Posted tagged ‘sunny’

“Seafood makes you live 10 years more.”

February 24, 2018

Today is glorious. It is sunny and warmer than it has been. When I got the papers, I stood a while and listened. The birds were singing. I was thrilled at the sound. Nothing says spring more than birds welcoming the day. We will have showers later, but I’m okay with that. We have sun, if only for a while!

Yesterday it rained again but on and off as I went home from my appointment. I drove down Route 28 and stopped at Jerry’s. I have history with Jerry’s. I started going there when I was in high school when the original Jerry was the owner and the cook. It had take-out windows, and Jerry screamed at us if we, in any way, blocked the windows.  “Get out of the way. Get out of the way!” Jerry’s was open all year, a rarity in those days, in the mid-1960’s. It is still open all year, and the only difference from back then is there are no take out windows and Jerry is long gone. I ordered a shrimp plate and substituted the fries with onion rings. From where I was sitting, I could watch the cook. I watched him breading then frying my lunch. When he delivered my plate, it was full. I was delighted and snagged a shrimp right away. It was so hot from the frying, I grabbed my drink to cool my mouth. I waited a bit then dove into my onion rings and another shrimp. They were sublime.

I love hot dogs. I love to toast my rolls by slathering the sides with butter and cooking them in the frying pan. The rolls open at the top so the sides can perfectly toast. My hot dogs are usually fried. Sometimes though I steam them. When they are done, I add my toppings. Chopped onions, piccalilli, some sort of mustard and sometimes jalapeños are my toppings of choice. I always have a jar of sliced jalapeños in the fridge as I usually add them to my sandwiches and eggs.

I think I’ll go out later. I have no destination in mind. I’ll just keep moving until some place catches my eye then I’ll stop.

“Talent is useful, but always keep your dagger sharp.”

February 18, 2018

The predicted snow stayed north of us. My sister who lives 14 miles from Boston got 5″. We got rain. The rain storm started around eleven and was still going strong at 12:30 when I fell asleep. Today is bright with sun. The blue sky is almost cloudless. The breeze is strong, and the pine branches are swaying and bending enough to make noise. It is a chilly day.

Tonight is game night, and we’ll also celebrate Chinese New Year. One year we did origami and folded the different color papers into dragons and kites and other symbols. I was horrible at it. I thought I had folded the papers just right according to the illustrations, but the finished produces had no resemblance to the pictures of them. It was frustrating, but I knew it would be as I had learned from experience I can put almost anything together by following the word directions and not the picture directions.  There’s that old left brain in action.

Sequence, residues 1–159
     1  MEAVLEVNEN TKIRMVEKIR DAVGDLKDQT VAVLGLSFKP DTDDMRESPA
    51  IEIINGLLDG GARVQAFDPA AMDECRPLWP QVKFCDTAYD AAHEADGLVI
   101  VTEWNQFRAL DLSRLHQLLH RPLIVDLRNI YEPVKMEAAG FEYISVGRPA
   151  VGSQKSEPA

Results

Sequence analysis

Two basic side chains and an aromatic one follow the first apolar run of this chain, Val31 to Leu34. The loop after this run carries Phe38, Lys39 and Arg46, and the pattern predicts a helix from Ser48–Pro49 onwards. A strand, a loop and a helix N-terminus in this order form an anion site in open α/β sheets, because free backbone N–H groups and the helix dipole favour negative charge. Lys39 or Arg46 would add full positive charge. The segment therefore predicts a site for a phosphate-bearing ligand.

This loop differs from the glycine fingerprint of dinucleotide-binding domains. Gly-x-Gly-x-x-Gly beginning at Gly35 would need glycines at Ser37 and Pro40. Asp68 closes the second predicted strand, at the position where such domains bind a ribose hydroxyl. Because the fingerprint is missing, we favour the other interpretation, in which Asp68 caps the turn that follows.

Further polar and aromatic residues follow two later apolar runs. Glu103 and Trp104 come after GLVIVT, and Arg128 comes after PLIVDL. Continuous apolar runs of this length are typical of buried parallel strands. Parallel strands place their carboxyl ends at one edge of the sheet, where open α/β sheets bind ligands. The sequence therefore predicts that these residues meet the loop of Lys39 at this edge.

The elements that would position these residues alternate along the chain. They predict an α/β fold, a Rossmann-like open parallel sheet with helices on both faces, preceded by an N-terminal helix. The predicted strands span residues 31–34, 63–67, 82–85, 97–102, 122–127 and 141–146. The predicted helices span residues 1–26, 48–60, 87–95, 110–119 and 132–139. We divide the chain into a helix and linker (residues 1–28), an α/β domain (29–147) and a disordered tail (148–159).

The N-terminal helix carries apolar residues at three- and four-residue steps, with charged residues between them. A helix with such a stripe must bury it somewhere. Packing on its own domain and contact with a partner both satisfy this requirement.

When I was kid in elementary school, we had art every couple of weeks. It alternated with music. There was no music teacher and there was no art teacher. The teacher or the nun I had did it all. Sister Hildegarde, my eighth grade teacher, had music class more often than once every other week. She had a keyboard which one of my classmates played. She also had pitch pipe which was round and had the keys listed next to the hole to blow. She’d blow the note then start us off with the first line. She sang so badly we had to hide behind our music books so she wouldn’t catch us laughing at her. I think it was also in her class I learned Gregorian chant notes. We even had tests of reading and writing chant.

I don’t remember much about my art classes. The only one I remember is when we made paper mâché puppets. We also had to write a small play and team up with classmates. I made a devil, and it was the best thing I ever created in any art class.

As I grew older, I found out that words strung together in the right way created beauty, a beauty of language which conjured images and memories and feelings. It was my talent.

“Cats have it all – admiration, an endless sleep, and company only when they want it.”

February 5, 2018

My Patriots lost the game. It was heartbreaking. The game, however, was what a Super Bowl should be and was exciting the whole way through. Brady being stripped of the ball was the end of hope. I did wear my new sweatshirt, now relegated to the closet. It is time to bring out my Red Sox garb.

Today is sunny. It would be warm if not for the wind. The top branches of the backyard pines are swaying. I stood outside for a while when I got the papers. The air smelled fresh, even sweet. It was quiet.

Last night it poured. The rain pummeled the roof. I loved it. I even wished I had a tin roof so the sound could surround me the same way it did in Ghana. The rain dissolved the snow. Only the smallest of piles are on the street corners where the plows had left them. They’ll be gone today.

Maddie is sleeping on my sweatshirt on the den table. She followed me to the kitchen meowing at me while I put my coffee on. She wanted a treat. I gave her some roast beef. I think Maddie is deaf. Even when she is near me she never responds to my voice. I could chalk that up to a cat being a cat, but she used to come when I called. She is the soundest sleeper.